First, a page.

Learners described teaching teams that included GP registrars, practice manager, nurses, allied health or other clinical staff such as visiting specialists. The roles of each member of the team varied from supervising to delivering one-on-one tutorials, direct clinical teaching or presenting at group tutorials. The learners discussed how the team teaching approach gave them the opportunity to view different styles of consulting as well as to learn from clinicians with varying special interests.

“The good thing about this practice, it’s just got so many different specialties, so having a psychiatrist across the hallway was fantastic, having the nursing staff, having a dietician there that I could just grab and ask questions. I found that so rewarding and so interesting…” (PGPPP 7)

Learners at most of the integrated teaching practices described some level of interdisciplinary teaching and learning. Practice nurses were seen as valuable teachers, particularly for skills such as wound management, immunisation, health assessments and organisation of management plans. Learners mentioned that some practices also had medical specialists and allied health practitioners engaged in teaching within the practice context, and this evolving component of the learning experience was valued by the learner. A number of practices also included nursing students in their vertically integrated learning.


This study has identified a number of factors that enhance and support the learner in vertically integrated teaching practices with multi-level learners. The findings present some options for consideration by teaching general practices, teaching organisations and policy and funding bodies.

Practice learning environment

Integrated practices that teach different levels of learners are becoming more numerous, and this research indicates that they provide a supportive and positive environment for learners. We identified three core underpinning factors as important platforms for successful multi-level learning in the general practice environment: a strong teaching culture and ethos; enjoyment of learning; and flexibility in teaching delivery. Our findings support those of Smith et al. in the UK [11] who identified that the learning environment impacts on learner satisfaction and attitude to learning. GP supervisors may play a major role in creating this positive learning environment.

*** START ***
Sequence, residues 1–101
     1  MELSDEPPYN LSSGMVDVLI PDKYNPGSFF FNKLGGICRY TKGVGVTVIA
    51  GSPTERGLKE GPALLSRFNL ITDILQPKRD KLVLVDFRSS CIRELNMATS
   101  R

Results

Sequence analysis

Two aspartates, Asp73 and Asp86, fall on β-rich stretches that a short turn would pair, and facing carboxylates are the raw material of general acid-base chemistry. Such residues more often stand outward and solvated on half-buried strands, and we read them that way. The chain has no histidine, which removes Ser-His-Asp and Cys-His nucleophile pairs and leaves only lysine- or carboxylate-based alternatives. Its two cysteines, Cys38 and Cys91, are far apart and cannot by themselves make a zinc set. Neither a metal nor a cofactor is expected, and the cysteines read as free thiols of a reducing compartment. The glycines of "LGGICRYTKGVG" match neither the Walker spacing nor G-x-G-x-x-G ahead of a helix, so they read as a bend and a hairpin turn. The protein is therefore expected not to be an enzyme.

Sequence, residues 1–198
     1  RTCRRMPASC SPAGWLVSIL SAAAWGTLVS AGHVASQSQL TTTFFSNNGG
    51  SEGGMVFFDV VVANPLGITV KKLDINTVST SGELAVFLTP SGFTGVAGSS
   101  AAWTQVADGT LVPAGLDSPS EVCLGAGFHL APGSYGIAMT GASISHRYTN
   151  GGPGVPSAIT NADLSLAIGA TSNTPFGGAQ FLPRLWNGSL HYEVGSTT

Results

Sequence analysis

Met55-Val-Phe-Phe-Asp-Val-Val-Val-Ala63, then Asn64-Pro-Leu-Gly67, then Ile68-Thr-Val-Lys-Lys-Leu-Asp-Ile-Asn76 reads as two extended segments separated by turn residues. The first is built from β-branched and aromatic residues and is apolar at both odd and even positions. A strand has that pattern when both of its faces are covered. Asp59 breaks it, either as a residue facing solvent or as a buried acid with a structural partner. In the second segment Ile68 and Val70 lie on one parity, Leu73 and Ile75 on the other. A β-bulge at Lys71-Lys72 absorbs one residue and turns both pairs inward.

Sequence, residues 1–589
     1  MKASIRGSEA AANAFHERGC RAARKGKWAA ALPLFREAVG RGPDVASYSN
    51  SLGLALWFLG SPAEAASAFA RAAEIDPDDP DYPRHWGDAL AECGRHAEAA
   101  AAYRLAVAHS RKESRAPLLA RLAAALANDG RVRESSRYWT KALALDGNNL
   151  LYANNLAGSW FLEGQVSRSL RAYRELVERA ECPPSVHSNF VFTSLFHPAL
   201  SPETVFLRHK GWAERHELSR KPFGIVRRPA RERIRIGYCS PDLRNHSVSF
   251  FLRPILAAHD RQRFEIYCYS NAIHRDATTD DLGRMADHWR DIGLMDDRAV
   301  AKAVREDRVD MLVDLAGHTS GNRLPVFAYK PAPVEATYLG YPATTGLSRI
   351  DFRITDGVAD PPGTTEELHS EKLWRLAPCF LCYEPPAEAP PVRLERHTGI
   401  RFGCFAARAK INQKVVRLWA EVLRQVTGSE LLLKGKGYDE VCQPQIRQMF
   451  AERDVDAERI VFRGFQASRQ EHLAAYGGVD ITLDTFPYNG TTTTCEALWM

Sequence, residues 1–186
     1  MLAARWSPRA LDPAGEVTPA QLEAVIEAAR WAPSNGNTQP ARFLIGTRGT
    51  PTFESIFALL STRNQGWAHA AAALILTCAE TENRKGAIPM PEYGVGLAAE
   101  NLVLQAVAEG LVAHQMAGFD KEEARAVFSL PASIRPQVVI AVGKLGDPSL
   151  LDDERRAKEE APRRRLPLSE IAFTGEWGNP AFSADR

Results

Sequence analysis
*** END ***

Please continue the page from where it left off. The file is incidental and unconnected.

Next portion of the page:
GP supervisors owned the practices in this research, except for one community controlled service. Large practices owned by non-GPs did not participate in this form of integrated teaching in our region. The strategic commitment of general practice owners to teach within their businesses appears fundamental to allowing the multiple learners access to patients and hands-on learning. Commitment by these integrated teaching practices to teach, when there is no requirement to do so, must be valued, recognised and rewarded by teaching organisations and governments. The impact on future teaching efforts of an increasing number of practices not owned by GPs [25] is unknown and will need further monitoring and exploration.

Enjoyment of learning, a social aspect of learning, is important in sustaining learning and also in preventing burnout and teacher fatigue. Enjoyment has previously been identified as an important motivator for teachers [16] and has also been found in this research to be important for the learners. Finding ways of maintaining the enjoyment factor in learning will be important, particularly with the likely stresses of increasing clinical workload associated with an aging population and retiring GP workforce [26].

Responsiveness to the learners’ needs has long been recognised as important in effective learning [8]. The multi-level learning experience in community practice appears to meet the needs of individual learners.

Teaching infrastructure

Appropriately resourced teaching rooms within the general practice are essential for the expanded teaching effort. Government infrastructure grants for practices [27] as well as private investment from GP practice owners themselves have been important in providing additional consulting rooms and meeting rooms for learners [21]. Further infrastructure investment will be needed if the number of integrated practices is to increase.

Several of the integrated practices participating in this research had obtained government grants to extend their premises for the purposes of teaching. This had clearly been a prerequisite in enabling these practices to provide sufficient patient consulting space for multiple learners. Other practices had made their own investment to increasing their practice size, but indicated that they would need to evaluate the return on that investment.